OMAHA, Neb. — Midwives help women throughout their pregnancies, but there are a couple different types of midwives that you should be aware of.
A certified nurse midwife goes through schooling to become a nurse, has to get certified and then has to get her Master's Degree for most hospital work.
"A traditional midwife doesn't have a formal education that has been certified by a credentialing board," certified midwife Lydia Rhodes said.
Uncertified midwives, also called lay midwives, have no credentialing, training or proper education.
"A lay midwife is a controversial thing," Rhodes said.
Rhodes refers to lay midwives as "uneducated birth assistants." In the state of Nebraska a certified nurse midwife is not allowed to assist in a home birth, uncertified midwives can.
"I think it comes down to the fact that people desire a home birth. And since a certified nurse midwife is not able to be there, they will compromise and use someone who is not certified," Rhodes said.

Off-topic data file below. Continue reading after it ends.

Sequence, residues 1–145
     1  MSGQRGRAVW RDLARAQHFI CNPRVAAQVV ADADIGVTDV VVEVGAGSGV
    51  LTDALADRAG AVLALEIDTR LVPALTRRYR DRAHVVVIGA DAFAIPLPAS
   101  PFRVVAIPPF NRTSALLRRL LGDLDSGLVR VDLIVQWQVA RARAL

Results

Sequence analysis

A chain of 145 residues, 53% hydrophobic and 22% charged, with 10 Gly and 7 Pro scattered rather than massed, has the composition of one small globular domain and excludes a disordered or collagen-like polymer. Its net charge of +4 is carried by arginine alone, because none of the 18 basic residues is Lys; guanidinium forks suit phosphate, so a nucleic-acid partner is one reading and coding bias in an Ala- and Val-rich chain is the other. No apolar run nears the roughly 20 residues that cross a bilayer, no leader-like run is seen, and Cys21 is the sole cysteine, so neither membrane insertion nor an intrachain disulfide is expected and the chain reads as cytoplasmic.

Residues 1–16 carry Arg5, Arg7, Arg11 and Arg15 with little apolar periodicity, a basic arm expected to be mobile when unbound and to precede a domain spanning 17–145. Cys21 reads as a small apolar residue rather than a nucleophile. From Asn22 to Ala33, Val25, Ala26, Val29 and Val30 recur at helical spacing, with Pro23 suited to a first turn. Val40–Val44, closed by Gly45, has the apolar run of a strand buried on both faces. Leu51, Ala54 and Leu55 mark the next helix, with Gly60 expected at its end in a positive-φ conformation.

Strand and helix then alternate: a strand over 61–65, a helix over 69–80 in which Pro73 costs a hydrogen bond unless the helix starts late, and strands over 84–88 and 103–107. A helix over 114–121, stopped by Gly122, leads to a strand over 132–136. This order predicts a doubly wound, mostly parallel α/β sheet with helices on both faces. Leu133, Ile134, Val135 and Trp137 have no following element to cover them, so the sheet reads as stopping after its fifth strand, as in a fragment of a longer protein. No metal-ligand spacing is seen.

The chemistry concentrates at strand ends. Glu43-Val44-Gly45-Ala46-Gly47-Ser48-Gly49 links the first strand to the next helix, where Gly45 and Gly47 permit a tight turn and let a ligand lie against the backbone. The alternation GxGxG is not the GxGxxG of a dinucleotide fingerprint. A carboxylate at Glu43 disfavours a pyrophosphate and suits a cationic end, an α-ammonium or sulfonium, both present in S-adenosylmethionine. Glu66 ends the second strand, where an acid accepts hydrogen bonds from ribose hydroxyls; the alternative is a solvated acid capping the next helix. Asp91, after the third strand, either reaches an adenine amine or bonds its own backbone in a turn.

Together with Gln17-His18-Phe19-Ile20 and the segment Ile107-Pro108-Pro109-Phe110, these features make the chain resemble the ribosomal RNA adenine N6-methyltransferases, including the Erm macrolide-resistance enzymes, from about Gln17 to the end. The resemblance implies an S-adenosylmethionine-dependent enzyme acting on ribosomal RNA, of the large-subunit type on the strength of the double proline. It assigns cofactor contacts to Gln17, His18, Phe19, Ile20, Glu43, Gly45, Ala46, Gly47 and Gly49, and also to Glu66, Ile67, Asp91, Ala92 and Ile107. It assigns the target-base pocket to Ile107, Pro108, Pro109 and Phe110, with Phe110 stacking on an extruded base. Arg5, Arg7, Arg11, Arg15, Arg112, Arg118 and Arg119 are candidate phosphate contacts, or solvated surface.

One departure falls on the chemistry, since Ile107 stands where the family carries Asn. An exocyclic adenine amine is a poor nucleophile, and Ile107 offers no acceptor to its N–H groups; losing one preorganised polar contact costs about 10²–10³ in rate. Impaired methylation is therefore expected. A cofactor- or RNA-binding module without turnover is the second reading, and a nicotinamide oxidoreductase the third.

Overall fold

It seems a bit backwards, the less trained midwives being the only ones able to assist in home deliveries.
Angela Hock is an uncertified midwife who tried to deliver a woman's breached baby at home last month. That baby died two days later due to complications during the birth. Hock now faces up to twenty years in prison for child abuse resulting in death.
"In the state of Nebraska a certified nurse midwife is not allowed to attend a home birth. If there is not a certification to that midwife then for whatever use of that term, it's used loosely, then they can be at home," Rhodes said.
In Iowa however, it is legal for a certified nurse midwife to assist in home births.
A limbo of rules and certifications that vary by state can have deadly consequences. However midwives, no matter the certification, remain increasingly popular during a woman's pregnancy.
"We are there waiting with them in the halls, doing position changes, helping them through it. We don't just come in right at the end to deliver the baby. There's more of kind of personal relationship there and I think women want that," Rhodes said.